Most wars do not expand beyond the initial two participants. Why is this so? We argue that wars remain small because initiators select as targets states that they believe will not receive third-party help and that they can defeat without such help. Drawing on the idea of selection effect, a model of this choice is presented and a hypothesis is derived in which initiators (1) will win most often in wars of one against one and (2) will win least often when the target receives any help. This hypothesis is tested against war outcomes for initiators and targets in the period 1816-1975 using probit regression. The expectation is supported. The authors conclude that initiators act as predators and are likely to attack target states they know they can defeat if these targets are not joined by coalition partners. This selection pattern tends to make small wars likely.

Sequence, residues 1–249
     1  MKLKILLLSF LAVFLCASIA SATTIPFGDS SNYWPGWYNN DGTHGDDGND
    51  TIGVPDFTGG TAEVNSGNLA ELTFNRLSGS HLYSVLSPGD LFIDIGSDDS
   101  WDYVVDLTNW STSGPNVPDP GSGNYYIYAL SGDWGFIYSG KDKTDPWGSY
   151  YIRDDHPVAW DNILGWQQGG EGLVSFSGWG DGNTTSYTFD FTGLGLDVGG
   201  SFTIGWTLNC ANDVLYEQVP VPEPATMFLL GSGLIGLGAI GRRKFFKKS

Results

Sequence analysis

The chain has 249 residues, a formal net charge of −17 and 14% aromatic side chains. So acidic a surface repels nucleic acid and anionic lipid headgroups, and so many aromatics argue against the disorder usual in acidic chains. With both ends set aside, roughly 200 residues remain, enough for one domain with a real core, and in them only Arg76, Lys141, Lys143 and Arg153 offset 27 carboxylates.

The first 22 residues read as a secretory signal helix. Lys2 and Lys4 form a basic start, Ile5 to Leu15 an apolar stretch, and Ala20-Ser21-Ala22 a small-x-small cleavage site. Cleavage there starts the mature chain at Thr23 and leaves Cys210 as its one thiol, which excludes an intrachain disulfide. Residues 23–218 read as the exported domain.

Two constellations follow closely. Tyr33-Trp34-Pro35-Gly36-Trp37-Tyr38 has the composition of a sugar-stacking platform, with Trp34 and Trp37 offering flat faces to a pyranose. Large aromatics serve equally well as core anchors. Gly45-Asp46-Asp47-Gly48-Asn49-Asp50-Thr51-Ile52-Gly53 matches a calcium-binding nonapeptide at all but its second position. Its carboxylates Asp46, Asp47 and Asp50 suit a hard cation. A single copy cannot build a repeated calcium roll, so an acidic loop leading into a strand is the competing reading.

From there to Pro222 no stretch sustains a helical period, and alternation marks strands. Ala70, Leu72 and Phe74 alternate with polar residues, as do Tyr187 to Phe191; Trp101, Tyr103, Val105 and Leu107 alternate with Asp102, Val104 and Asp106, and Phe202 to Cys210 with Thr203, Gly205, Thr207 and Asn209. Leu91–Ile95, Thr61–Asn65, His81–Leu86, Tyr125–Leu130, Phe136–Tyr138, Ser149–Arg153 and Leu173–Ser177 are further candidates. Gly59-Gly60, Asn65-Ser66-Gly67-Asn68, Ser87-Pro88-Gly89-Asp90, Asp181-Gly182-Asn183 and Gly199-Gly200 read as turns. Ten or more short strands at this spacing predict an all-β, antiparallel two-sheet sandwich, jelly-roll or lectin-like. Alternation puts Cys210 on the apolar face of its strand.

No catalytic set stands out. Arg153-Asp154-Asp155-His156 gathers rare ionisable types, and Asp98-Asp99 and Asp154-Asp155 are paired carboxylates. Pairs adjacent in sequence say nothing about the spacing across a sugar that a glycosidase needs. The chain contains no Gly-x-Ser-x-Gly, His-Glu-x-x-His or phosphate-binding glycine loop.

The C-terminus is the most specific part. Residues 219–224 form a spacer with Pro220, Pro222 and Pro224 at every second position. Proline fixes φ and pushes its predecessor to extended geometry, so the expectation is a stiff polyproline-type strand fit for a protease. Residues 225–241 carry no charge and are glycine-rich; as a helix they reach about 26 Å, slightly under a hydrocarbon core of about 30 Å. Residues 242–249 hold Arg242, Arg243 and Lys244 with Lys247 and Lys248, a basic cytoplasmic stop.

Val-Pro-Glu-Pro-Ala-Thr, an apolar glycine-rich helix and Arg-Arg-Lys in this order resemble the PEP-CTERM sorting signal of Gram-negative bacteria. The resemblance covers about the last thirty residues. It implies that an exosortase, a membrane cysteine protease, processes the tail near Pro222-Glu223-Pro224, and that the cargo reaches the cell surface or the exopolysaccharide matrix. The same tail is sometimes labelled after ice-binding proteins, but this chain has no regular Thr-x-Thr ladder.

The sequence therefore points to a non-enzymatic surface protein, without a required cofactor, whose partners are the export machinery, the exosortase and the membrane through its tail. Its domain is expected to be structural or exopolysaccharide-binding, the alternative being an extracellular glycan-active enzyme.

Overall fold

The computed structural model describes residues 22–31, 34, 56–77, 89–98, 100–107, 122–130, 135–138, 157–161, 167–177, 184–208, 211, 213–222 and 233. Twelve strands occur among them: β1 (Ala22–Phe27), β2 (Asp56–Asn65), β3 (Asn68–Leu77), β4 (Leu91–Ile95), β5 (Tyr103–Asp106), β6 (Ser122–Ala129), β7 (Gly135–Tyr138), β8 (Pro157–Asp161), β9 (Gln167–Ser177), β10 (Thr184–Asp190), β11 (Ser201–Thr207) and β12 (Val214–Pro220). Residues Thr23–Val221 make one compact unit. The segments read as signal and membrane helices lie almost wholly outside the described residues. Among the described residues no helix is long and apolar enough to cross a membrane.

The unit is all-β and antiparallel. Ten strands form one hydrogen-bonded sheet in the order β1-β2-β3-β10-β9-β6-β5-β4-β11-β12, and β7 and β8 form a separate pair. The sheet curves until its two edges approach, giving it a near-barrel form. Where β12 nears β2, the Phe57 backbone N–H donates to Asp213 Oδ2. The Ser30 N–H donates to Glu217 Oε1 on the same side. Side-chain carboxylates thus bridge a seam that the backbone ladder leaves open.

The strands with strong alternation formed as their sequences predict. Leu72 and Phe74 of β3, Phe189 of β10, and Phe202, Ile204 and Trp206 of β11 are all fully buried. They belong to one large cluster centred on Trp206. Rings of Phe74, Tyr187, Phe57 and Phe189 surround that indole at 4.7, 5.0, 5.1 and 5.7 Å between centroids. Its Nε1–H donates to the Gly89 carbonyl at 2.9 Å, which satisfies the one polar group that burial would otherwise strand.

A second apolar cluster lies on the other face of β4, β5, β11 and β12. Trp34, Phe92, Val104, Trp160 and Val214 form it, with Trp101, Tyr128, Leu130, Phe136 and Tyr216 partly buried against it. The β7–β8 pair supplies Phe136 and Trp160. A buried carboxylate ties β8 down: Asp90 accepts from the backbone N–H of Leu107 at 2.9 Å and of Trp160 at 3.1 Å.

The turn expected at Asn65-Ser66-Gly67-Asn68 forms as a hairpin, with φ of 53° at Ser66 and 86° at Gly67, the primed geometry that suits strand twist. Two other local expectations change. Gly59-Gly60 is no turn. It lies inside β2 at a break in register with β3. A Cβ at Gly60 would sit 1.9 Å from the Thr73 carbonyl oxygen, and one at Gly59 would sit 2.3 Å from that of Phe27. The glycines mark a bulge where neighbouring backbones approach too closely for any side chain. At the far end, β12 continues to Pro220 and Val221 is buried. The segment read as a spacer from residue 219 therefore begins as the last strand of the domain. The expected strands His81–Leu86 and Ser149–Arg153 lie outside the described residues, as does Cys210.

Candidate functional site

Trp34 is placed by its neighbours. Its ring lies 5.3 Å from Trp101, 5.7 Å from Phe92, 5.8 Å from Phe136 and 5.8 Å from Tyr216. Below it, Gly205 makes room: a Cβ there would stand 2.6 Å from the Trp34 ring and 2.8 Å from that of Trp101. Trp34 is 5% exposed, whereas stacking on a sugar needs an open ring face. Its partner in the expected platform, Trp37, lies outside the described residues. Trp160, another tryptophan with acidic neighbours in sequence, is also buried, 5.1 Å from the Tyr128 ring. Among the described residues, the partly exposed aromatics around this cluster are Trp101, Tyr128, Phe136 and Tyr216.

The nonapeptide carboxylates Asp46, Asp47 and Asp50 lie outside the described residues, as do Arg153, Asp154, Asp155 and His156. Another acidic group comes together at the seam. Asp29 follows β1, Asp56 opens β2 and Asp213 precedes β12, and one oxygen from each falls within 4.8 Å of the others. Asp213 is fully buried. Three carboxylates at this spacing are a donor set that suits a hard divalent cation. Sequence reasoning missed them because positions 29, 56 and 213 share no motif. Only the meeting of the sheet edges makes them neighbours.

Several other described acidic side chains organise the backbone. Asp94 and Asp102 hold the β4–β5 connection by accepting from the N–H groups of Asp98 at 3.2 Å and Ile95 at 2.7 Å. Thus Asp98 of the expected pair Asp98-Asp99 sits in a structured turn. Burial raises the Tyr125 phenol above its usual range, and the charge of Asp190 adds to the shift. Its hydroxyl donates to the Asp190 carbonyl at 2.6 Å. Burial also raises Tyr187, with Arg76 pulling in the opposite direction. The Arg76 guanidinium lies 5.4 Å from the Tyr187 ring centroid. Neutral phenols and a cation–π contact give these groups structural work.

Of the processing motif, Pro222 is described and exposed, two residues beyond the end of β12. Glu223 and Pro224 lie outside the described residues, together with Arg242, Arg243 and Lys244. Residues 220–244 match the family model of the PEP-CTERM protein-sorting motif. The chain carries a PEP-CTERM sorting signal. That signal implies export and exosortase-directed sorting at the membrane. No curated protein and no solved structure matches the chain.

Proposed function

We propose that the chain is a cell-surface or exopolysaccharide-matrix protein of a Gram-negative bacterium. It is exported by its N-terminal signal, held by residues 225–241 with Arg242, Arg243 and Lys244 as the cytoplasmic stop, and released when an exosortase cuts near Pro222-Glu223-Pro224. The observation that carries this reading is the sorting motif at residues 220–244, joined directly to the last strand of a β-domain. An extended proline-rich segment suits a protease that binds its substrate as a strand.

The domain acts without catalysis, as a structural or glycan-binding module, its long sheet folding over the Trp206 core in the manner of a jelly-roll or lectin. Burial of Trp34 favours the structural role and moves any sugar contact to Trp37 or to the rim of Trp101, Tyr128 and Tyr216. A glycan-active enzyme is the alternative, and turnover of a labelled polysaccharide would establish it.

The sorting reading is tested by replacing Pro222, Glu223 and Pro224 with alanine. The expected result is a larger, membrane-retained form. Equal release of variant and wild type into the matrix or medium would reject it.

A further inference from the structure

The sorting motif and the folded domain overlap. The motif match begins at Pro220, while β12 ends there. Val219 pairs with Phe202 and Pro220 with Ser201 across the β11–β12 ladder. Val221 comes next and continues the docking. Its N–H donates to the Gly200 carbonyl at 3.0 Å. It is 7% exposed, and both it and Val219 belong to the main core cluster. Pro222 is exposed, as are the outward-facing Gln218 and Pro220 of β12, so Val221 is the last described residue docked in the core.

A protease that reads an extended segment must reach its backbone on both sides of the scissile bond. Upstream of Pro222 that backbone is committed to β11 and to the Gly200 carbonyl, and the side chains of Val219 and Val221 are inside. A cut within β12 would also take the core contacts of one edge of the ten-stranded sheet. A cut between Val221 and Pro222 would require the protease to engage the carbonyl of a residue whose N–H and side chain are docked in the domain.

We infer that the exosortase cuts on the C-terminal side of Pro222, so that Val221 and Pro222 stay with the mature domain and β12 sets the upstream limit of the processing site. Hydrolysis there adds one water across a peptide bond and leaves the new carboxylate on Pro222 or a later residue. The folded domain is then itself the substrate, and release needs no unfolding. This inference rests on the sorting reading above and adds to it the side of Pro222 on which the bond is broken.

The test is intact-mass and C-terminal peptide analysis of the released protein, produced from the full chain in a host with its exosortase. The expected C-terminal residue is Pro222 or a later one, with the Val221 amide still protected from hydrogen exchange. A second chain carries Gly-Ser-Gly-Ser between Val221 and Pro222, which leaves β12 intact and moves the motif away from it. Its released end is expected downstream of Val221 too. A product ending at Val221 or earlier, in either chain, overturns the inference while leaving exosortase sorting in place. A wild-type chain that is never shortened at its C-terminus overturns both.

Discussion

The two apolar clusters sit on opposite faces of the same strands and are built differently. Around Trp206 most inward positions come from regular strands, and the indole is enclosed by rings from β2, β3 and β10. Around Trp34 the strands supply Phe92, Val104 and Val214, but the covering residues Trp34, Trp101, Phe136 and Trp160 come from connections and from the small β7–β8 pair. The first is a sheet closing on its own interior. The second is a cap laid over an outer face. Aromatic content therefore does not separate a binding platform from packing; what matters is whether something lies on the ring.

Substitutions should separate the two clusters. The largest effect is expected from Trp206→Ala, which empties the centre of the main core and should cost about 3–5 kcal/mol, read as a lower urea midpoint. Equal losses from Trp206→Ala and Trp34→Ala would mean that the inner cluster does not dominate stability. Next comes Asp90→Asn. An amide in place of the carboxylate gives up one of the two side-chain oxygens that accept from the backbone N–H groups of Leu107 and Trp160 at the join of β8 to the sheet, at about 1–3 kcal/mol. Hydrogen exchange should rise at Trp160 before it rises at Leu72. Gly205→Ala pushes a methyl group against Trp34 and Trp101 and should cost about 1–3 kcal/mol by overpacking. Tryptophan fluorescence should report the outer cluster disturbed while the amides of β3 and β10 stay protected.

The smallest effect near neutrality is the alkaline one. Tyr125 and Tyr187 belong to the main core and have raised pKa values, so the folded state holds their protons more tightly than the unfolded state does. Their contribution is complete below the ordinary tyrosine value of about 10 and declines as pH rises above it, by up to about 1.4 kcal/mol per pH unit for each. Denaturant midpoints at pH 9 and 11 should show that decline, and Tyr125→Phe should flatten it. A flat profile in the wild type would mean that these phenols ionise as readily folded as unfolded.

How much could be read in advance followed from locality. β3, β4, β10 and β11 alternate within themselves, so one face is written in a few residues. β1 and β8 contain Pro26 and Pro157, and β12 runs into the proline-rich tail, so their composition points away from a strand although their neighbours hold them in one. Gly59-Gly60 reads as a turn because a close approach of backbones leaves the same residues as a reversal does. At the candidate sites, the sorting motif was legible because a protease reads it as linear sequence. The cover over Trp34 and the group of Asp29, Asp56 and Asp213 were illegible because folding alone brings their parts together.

All Science Journal Classification (ASJC) codes
- Business, Management and Accounting(all)
- Sociology and Political Science
- Political Science and International Relations